Rev. Dr. Joel Mitchell, Interim Pastor
Rev. Millie Myren, Support Minister
11024 S. Bell Avenue
Chicago, IL 60643
Reflection 17, 2019
"Lenten Thoughts" - Rev. Dr. Thomas Aldworth
On Sunday, I preached a sermon based on Luke’s account of Jesus’ temptation in the wilderness (Luke 4:1-13). I’d like to add part of that sermon in this week’s The Advance (the full sermon can be found posted on my personal Facebook page and on the church’s Facebook page).
Why do we see Jesus in the wilderness being tempted by the devil (depicted in Matthew, Mark and Luke)? By going out to the wilderness, Jesus is going out to the place where the demons and devils supposedly lived. Jesus is, in effect, bringing the fight into the enemies’ camp.
The Holy Spirit of the Living God leads Jesus into this forbidding place so Jesus might be tested/tempted. But why? God’s hand is obviously at work here but why?
One reason is to show how Jesus, as the New Adam, is able to resist what Adam (and Eve) could not resist. Jesus is seen as passing the test that Adam and Eve failed.
But there’s something deeper at work here. Jesus was being tested to prove one thing: that Jesus’ heart was set on God and God alone. (“You shall love the Lord your God with all your heart and with all your soul….”)
To love God with one’s whole heart and soul means one’s focus is on God alone. One’s heart, one’s soul, is not divided. This is what underlies Satan’s three temptations. The first temptation is the pursuit of money and wealth (“turn these stones to bread“). The second temptation is the pursuit of power. Satan will give all the nations to Jesus if Jesus will only worship him.
We might wonder how Satan got control of all the world’s nations in the first place. Don’t they truly belong to God? A passage from John’s Gospel (14:30) gives us a clue. At the final supper, Jesus announces “I won’t say much more because the world’s ruler (sometimes translated as “the Prince of this world“) is coming. He has nothing on me.” Who among us can say “the devil has nothing on me?”
The third temptation is to prestige. Satan tempts Jesus: “Jesus show us how special you are to God! Let everyone see this as you thrown yourself down from the pinnacle of the Temple.” Don’t many of us want to seem more special than we are? Jesus passes the third and final test and the devil leaves him until a more opportune time.
Where does evil come from? Here are the opening words from Jacob Needleman’s Why Can’t We Be Good?: “This most important question has taken many forms throughout the ages, but the words that cut through all the worlds and across all the epochs of human history are these: Why do we not do what we know is good? Why do we do what we hate? This is the question we never really ask and it is the only question that can make a difference in our lives.”
Paul knew this conundrum well: “For I do not do the good I want, but the evil I do not want is what I do.” (Rom 7:19) So we are left pondering: from whence comes evil?
I believe there are three, and only three, options: 1) evil comes from the hand of God; 2) evil comes from a malevolent force opposed to God, usually spoken of as the devil; 3) evil comes from the hearts and hands of we humans.
I believe all three options are at work. Throughout the Scriptures, God is portrayed as testing us, as Jesus was tested, to see if we have divided hearts or hearts set on God alone. While this testing comes to us all, I’m unhappy with portrayal of God.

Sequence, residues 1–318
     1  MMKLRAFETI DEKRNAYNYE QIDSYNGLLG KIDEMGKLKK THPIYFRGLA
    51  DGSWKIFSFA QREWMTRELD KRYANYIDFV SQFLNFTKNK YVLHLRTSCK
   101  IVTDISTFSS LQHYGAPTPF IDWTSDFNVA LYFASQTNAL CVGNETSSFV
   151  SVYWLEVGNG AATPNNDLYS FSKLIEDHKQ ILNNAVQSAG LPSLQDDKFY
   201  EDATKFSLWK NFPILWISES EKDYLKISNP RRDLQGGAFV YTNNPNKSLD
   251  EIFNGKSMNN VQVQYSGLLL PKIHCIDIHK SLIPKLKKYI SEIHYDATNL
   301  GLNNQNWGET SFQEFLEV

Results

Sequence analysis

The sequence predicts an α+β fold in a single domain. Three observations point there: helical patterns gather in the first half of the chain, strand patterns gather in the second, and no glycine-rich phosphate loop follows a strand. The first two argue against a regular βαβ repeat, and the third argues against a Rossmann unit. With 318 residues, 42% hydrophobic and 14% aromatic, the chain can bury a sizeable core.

Whenever we set our heart on anything other than God, we go astray. Our hearts become divided. Our hearts become stony. But there’s another piece that must be brought to bear on this issue.
I believe the human heart is nourished and strengthened by the soul. It is the soul that keeps the heart focused on God. The soul is the deepest, dearest, most divine part of who we are. It’s from the soul that all prayer arises. It is from the soul that we are in constant contact with the Holy Spirit.
Sin, in all its forms, in its many devilish manifestations, damages the soul. “What does it profit one to gain the whole world but lose his or her soul?”
One’s soul can be damaged by cruelty and hatred. Children’s souls can be damaged by abuse and neglect, by bad parenting. Someone with a damaged soul is less able to resist evil. The heart, unnourished by a damaged soul, necessarily seeks power, prestige, wealth. A heart unnourished by a healthy soul will more easily turn to violence and to every form of inhumanity.
Nourishing the souls of our children is our most critical task as parents, grand-parents, disciples, citizens. Our current political landscape is ravished by those with fragmented souls. Many walk this world with severely-damaged souls, souls on life-support. We’ve much to fear from them.
Jacob Needleman in Lost Christianity, argues that Christianity lost its way when it envisioned the human soul as fully formed, as a finished entity, in each person. Rather, the human soul grows when it is nourished and it withers away when it’s starved, abused, attacked, or neglected. Souls, unfortunately, can also be murdered.
One can argue that we’re in such a dire place today because our places of worship have neglected the critical task of nourishing the soul. Nourishing the soul is not easy. Neglecting the soul is easy.
This Lent I’d like to suggest a practice for all of us, myself included: 1) Avoid whatever damages your soul; 2) Seek whatever nourishes your soul. I’ll be examining both sides of this practice throughout the coming weeks of Lent. On Sunday, I concluded the sermon with a few things that damage the soul and a few things that nourish the soul. I hope to “flesh” these out throughout the sacred season of Lent.
No Advance Next Week: Due to my absence, there will be no issue of The Advance next week. Pastor Thomas